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BLM to prepare land use amendment to protect Gunnison sage grouse

This April 2014 photo provided by Colorado Parks and Wildlife shows a Gunnison sage grouse with tail feathers fanned near Gunnison.
Public comment sought on conservation efforts for rare bird in Southwest Colorado and southeast Utah

Public input is being sought by the Bureau of Land Management to prepare a management plan amendment and environmental impact study to protect the threatened Gunnison sage grouse and its habitat.

The rare bird exists in eight scattered population areas in Southwest Colorado and southeast Utah, and its population has been declining. It was listed as threatened under the U.S. Endangered Species Act in 2014. Fewer than 5,000 birds remain.

A 45-day public scoping period began July 5 to gather comments for the Colorado Resource Management Plan Amendment and associated environmental impact statement, which will guide the conservation efforts for the bird.

The public may submit comments regarding alternatives, scope, issues or new information on the BLM ePlanning webpage at https://eplanning.blm.gov/eplanning-ui/project/2019031/510.

The BLM will announce dates of virtual and in-person public meetings on the webpage.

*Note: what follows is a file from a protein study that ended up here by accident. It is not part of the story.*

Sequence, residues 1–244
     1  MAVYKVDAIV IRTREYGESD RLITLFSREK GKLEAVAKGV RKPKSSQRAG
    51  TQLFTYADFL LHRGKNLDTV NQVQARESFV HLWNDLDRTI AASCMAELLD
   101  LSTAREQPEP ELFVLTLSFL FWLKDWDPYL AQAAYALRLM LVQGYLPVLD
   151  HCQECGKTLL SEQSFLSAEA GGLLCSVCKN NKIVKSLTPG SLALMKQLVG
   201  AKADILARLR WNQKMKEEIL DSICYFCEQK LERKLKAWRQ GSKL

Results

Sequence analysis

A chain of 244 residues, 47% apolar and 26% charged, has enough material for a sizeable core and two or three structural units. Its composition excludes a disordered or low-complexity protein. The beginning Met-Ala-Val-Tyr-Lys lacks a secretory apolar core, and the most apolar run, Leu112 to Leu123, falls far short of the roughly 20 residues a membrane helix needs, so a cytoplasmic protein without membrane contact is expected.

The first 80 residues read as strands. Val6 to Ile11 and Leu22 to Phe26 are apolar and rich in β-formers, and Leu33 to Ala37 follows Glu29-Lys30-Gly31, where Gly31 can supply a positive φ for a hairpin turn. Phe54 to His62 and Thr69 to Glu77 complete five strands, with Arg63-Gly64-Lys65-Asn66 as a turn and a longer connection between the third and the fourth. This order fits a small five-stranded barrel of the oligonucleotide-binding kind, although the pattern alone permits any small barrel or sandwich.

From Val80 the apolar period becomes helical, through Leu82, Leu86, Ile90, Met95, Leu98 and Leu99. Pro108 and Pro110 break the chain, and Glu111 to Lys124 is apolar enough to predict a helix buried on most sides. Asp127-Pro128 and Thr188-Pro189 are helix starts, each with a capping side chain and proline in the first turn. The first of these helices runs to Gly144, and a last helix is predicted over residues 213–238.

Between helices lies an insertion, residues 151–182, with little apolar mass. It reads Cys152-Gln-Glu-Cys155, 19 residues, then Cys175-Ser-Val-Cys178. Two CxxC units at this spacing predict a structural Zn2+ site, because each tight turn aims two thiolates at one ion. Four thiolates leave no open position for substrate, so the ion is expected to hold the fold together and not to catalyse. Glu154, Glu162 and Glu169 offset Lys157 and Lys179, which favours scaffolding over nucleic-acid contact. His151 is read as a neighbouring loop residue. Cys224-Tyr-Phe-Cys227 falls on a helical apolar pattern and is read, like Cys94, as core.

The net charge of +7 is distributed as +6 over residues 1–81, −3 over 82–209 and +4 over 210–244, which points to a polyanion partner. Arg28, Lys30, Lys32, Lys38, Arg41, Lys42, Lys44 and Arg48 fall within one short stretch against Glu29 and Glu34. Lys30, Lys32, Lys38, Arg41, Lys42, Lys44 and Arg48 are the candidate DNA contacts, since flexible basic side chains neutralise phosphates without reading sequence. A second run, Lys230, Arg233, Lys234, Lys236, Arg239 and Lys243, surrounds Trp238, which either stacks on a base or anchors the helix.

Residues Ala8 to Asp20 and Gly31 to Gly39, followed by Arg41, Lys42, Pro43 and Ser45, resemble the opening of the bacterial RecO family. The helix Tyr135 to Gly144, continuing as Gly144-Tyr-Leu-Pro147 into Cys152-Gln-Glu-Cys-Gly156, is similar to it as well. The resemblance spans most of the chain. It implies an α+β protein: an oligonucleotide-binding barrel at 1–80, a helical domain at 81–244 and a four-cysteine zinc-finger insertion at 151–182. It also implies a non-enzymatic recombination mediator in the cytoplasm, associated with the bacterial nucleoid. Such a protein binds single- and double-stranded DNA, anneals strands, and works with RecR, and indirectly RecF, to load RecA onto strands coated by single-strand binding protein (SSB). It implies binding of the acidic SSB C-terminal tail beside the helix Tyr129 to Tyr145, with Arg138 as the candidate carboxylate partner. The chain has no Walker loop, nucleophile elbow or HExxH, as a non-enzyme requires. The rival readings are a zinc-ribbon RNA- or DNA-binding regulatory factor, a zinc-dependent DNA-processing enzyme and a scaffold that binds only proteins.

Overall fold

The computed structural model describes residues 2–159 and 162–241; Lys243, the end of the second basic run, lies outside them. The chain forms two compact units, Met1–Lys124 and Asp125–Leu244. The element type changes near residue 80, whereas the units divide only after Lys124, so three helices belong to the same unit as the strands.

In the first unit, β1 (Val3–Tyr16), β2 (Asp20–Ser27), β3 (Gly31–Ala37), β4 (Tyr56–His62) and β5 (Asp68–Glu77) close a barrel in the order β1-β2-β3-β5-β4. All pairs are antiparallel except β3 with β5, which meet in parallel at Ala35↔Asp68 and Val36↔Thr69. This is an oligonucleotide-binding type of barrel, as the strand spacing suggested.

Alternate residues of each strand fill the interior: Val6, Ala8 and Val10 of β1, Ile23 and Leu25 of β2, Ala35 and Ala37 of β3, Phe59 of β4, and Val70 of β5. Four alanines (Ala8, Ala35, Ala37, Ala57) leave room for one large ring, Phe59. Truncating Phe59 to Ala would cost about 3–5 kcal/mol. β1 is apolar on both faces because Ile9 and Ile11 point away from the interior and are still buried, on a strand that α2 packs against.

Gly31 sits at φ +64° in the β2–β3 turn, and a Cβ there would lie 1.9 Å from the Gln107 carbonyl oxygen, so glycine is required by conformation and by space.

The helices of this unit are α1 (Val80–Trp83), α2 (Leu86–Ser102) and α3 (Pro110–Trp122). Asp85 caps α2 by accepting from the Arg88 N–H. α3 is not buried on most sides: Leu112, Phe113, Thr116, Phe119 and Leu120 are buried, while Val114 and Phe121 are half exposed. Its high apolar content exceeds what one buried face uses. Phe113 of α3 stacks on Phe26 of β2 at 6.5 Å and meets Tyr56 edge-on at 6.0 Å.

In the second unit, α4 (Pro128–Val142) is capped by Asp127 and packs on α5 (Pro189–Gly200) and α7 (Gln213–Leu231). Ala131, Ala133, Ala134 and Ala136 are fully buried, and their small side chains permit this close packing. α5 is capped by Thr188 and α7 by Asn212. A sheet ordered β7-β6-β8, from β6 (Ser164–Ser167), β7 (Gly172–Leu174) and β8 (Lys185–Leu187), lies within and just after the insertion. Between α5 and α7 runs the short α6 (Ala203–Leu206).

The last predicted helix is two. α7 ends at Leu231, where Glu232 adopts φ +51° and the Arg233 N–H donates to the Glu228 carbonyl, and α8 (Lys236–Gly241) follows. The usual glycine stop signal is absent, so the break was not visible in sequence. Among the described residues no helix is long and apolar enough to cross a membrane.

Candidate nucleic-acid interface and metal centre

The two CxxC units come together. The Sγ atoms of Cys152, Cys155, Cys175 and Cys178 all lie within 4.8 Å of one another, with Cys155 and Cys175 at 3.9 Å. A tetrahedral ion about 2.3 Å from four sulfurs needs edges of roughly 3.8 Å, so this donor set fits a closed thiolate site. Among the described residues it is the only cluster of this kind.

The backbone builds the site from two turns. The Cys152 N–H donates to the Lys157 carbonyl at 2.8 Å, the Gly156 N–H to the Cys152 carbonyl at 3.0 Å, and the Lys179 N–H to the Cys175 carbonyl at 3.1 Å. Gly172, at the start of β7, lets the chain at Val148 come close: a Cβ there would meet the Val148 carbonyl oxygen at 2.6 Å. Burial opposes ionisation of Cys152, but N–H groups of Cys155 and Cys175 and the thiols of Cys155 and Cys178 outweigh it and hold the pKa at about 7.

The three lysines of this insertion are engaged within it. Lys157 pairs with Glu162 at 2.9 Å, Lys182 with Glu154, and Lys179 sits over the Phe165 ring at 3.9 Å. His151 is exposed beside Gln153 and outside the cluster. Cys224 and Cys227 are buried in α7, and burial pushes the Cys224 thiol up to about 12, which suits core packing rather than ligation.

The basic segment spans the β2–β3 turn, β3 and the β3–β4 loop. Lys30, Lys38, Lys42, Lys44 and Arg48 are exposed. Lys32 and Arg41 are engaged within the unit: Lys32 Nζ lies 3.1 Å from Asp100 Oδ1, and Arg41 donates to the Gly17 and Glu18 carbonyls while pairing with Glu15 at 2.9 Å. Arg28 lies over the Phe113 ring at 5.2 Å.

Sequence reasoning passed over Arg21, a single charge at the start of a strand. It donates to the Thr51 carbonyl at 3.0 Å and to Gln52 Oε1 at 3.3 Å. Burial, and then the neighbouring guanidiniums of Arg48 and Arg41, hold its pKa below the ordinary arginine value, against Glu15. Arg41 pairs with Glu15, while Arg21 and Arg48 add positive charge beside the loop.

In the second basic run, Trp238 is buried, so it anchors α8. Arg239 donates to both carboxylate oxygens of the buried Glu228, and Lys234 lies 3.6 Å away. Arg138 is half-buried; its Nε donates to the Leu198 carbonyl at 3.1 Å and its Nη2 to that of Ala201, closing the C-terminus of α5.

The land use planning amendment and EIS will involve evaluating existing BLM resource management plans that intersect Gunnison sage grouse habitat in southern Colorado and Utah.

According to the BLM, the process will address actions that might affect the bird, such as mineral leasing and development, recreation, livestock grazing management, real estate actions, fire management and restoration actions.

“The BLM will then consider, with the best available science, reasonable alternative approaches to its management strategies,” a July 5 BLM news release says.

The BLM released a draft plan amendment and impact statement for the Gunnison sage grouse in August 2016 but paused the planning effort in 2018 after an announcement that the Fish and Wildlife Service would complete a recovery plan for the grouse.

The Gunnison sage grouse, a ground-dwelling bird with an elaborate mating ritual, survives in isolated sagebrush areas in Southwest Colorado and southeast Utah.

The Fish and Wildlife Service released the final recovery plan for the species in October 2020, prompting the BLM to resume the effort.

The BLM intends to initiate Section 7 consultation under the Endangered Species Act with the Fish and Wildlife Service on management and conservation actions identified through the planning process.

Once completed, the amended BLM Resource Management Plan intends to incorporate decisions and actions “to preserve and enhance habitat for the Gunnison sage grouse in all BLM land-use plans with occupied and unoccupied habitat” as identified by the USFWS 2020 Final Recover Plan that covers the eight population areas in Southwest Colorado and southeast Utah.

“The BLM is committed to working with our partners to best preserve the health and welfare of Gunnison sage grouse populations and their habitat throughout the Southwest,” stated BLM Deputy State Director for Resources Alan Bittner, in the news release. “We welcome and encourage robust public participation in this process as we consider potential management actions impacting our public lands.”

After the 45-day scoping process, a draft RMP amendment and EIS will be prepared and released for public comment, followed by a final plan and record of decision.

Gunnison sage grouse in snow. When the snow recedes in spring, they nest in sagebrush areas. (Courtesy photo)

jmimiaga@the-journal.com